All of this is wrapped up in a non-stop bombastic tour of the multiverse. The multiverse, as a concept, is at its best when it’s purposely unhinged—something Daniels know how to lean into. Although the worldbuilding and exposition gets heavy, leaving less time for certain character resolutions (Gong Gong’s sudden acceptance of Joy’s girlfriend Becky (Tallie Medel) is a little ham-fisted), there’s enough action and comedy that the exploration never feels slow. In the end, Everything Everywhere All at Once urges us to be kind. Even as we hurtle through the multiverse, even as we are surrounded by chaos and nihilism—be kind.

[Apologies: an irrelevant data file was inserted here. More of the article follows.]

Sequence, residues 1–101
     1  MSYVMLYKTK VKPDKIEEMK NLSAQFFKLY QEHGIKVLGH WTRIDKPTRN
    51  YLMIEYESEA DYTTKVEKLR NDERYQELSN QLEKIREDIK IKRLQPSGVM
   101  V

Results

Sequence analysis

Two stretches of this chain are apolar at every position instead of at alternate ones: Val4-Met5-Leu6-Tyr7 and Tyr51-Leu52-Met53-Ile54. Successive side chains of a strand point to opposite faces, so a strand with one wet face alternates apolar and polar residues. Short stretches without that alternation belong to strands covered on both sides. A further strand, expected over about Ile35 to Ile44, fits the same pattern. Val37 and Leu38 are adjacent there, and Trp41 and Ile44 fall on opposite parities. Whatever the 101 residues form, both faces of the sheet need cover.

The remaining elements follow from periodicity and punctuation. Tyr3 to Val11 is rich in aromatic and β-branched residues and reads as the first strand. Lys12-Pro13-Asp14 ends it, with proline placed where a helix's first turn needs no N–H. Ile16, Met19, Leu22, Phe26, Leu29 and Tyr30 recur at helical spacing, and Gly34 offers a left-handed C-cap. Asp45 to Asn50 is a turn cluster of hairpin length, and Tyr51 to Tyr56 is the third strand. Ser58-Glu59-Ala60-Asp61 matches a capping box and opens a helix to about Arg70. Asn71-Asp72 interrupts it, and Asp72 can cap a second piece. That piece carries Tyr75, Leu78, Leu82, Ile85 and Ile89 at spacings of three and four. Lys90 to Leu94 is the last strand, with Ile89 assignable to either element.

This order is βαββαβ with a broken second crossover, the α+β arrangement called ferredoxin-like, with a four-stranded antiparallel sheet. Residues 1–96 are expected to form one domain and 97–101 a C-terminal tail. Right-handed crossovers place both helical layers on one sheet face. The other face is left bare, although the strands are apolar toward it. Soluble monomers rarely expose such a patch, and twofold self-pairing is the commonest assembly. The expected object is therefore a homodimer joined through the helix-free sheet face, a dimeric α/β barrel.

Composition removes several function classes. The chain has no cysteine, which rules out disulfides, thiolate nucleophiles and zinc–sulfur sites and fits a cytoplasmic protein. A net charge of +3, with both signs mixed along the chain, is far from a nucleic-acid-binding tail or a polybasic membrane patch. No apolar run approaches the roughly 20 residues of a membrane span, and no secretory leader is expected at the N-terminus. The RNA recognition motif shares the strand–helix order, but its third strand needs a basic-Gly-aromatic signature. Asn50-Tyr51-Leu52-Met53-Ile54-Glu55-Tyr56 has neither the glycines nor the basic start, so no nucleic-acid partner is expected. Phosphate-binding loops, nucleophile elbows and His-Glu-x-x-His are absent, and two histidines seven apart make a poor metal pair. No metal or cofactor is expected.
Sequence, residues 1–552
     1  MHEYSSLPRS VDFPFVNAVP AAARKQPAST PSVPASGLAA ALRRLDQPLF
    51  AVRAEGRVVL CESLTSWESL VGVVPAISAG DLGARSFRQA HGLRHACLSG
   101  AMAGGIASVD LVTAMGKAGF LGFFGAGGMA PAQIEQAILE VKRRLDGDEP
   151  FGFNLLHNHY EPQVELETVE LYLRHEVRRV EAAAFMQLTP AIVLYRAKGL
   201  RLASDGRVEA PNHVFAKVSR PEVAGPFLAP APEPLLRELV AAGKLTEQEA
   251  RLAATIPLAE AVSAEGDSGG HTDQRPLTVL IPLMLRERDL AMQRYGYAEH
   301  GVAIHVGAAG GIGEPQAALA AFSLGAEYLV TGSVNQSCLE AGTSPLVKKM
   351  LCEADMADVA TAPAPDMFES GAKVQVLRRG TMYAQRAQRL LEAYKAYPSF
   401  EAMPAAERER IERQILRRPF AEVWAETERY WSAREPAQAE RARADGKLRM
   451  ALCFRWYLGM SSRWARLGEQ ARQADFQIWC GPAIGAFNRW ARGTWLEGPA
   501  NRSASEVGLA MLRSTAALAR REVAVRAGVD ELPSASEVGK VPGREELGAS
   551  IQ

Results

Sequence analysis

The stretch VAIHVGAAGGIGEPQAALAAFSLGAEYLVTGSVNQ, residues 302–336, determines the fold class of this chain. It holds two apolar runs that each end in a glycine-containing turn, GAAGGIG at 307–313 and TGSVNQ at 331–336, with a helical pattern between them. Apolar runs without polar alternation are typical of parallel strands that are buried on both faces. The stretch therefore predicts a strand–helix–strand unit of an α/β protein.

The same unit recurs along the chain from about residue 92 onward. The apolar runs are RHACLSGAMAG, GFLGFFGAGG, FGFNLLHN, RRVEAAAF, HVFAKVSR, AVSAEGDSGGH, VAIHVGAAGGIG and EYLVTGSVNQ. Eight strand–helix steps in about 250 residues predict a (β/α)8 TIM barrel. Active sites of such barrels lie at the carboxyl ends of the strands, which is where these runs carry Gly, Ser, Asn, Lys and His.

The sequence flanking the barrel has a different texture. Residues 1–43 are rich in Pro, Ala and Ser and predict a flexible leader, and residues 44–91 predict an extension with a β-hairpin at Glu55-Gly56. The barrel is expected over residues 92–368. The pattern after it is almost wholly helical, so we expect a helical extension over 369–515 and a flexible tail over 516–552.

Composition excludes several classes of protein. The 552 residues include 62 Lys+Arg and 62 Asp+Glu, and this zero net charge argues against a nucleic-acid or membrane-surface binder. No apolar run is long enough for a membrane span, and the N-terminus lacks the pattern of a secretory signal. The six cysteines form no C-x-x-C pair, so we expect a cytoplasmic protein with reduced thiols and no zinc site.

I’d be remiss in this review if I did not mention my own Asian immigrant mother, who has provided critical reactions and lines for some of my other The Chicago Maroon reviews. There were so many moments in Everything Everywhere All at Once where I thought, that’s exactly what my mom would do here. That’s definitely something she would say—wait, my mom would make a great (and hilarious) multiverse hero. So, this review is for my mom, who will not understand why she would be the best multiverse hero and lightheartedly complain about it anyway.

(When I told my mom why Evelyn reminded me of her, she brusquely dismissed the comparison to ask whether Everything Everywhere All at Once is a good movie. Is it worth seeing in theaters? Yes, Mom. It is.)